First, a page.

Every year I found reasons to procrastinate on ‘fixing’ the room. My wife, having long since recognized that only my hatred of spending money could drive me to do something, eventually bought two electric oil heaters for the room. Ineffective in their ability to heat the room, or stemming the heat loss from the rest of the house, they still nevertheless managed to double our monthly electric bill.

While the outrageous electric bills go my attention, it was my every growing collection of old book, and its need to find them a permanent home, that finally drove me in the depths of a winter night, to finally do something with the room. And like most of my projects, this effort quickly grew all out of proportion.

My original goal was to merely tear down the curtain closets and build a wood bookcase on either side of the fireplace. While doing so, I decided that the room’s sagging ceiling tiles had to go also. I would have considered keeping them, had they all been of one style, but no two appeared the same, as if someone had collected throw aways from construction trash bins.

With the ceiling tiles removed, the original tongue-and-groove ceiling was once again revealed. Unfortunately, the multiple layers of paint that coated its surface made refinishing it to its original condition out of the question. Drywall soon replaced the tiles, as it soon did the room’s dark wall paneling, however not before I pried away some of the original wall boards where I discovered a treasure trove of stories placed there by its original owner, a very, very long ago.

While brighter in color, the room seemed colder. While the walls and ceiling were now straight and smooth, they lacked any distinguishing character. The room need something, and that something was real paneling. I began to cast about the farm for old wood to create the paneling. Eventually my search led me to the crawl space above the ceiling of the summer kitchen, whose floor was of twelve to sixteen-inch wide, fourteen feet long pine boards.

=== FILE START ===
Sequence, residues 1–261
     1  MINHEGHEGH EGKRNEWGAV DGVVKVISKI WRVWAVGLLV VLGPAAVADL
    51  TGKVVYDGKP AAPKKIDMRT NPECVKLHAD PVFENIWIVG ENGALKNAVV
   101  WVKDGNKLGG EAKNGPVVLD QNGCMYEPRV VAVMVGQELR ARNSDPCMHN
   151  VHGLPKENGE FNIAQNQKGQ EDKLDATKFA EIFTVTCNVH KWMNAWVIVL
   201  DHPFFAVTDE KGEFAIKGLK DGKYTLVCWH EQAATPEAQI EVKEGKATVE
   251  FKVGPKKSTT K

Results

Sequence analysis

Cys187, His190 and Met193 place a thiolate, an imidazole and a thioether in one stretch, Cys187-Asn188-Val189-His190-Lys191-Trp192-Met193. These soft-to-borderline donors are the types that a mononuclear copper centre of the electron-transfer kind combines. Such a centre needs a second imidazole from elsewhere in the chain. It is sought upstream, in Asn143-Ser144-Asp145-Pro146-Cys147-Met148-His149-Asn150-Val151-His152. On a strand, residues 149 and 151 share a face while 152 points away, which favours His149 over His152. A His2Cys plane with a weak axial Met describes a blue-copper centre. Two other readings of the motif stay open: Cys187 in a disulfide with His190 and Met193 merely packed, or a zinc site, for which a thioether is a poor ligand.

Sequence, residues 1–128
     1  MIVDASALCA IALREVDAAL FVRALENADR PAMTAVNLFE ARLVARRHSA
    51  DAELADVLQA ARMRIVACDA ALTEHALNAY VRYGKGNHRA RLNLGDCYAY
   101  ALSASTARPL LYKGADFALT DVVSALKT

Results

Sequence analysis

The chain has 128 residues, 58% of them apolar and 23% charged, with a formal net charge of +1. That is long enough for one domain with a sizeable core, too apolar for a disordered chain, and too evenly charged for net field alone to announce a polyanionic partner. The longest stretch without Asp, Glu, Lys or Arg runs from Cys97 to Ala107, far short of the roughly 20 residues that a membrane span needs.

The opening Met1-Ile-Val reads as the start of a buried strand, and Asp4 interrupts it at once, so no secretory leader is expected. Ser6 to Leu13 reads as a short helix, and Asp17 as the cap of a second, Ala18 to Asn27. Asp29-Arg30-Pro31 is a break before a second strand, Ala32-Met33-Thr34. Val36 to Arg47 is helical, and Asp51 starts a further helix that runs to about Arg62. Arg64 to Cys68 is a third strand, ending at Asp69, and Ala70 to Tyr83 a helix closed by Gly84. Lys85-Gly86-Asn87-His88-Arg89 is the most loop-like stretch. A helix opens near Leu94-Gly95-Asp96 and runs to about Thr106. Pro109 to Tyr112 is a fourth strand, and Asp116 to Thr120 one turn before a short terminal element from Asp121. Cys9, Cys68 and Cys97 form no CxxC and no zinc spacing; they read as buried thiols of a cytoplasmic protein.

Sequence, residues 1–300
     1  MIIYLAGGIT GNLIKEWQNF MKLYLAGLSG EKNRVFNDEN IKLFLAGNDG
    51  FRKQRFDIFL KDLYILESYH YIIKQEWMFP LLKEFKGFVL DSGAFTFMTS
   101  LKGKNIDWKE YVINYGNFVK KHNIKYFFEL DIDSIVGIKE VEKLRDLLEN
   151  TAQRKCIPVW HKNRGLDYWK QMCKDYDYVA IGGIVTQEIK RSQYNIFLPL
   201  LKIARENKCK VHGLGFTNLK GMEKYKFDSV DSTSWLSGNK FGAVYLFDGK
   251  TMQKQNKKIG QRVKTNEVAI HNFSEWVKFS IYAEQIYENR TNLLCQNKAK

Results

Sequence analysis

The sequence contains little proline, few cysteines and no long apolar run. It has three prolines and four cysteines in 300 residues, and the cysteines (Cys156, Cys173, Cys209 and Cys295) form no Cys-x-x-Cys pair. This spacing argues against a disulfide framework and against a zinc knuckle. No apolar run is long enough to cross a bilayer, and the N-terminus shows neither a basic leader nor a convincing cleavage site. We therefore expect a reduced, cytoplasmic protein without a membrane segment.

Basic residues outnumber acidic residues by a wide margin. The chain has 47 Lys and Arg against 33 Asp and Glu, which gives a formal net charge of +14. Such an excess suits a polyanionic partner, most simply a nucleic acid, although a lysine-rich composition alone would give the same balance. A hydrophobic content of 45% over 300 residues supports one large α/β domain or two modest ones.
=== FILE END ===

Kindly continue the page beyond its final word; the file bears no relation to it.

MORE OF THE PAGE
The boards, cut from old growth pine, had breathtaking grain patterns, which had gone unappreciated when they were laid in the dark, generations ago. Cut to waist high in height, each board soon found its place. Soon the room boasted, from the floor to one’s waist, solid wood paneling, that could be found nowhere else.

A wooden floor, new moldings added to the room’s lure. A wood burning stove chased away the room’s cold. Having by now begun to realize the scope of our farm’s history I set out to build a mantle with a story worth telling. For as long as current memory can recall, horses have been part of our farm, and with them, a board fence. So I planed down the oldest fence boards and molded a pattern in each one. Stacked and glued together, they formed a mantel as unique as the room’s paneling, or the room’s history, or the very farm it’s self.

But it was the installation of the bookcases however, my original object itself, that was crowning event. Made from the old boards that had been hidden for over a century from the light, they were perfect for showcasing treasured works of antiquity, themselves, too long hidden from sight.

On the night of the first frost, as we have done ever since, we lit a great first fire and basked in its warmth, reading books written by authors, who had breathed their last breath long before the first settlers had set foot in the valley were our now farm sits.

One learns more, and feels closer to the source, when one read their words of wisdom, and insights of life, just as had they might: In the bright light of a fire, in a room warmly finished, on cold windy winter night.

Read other stories by Michael Hillman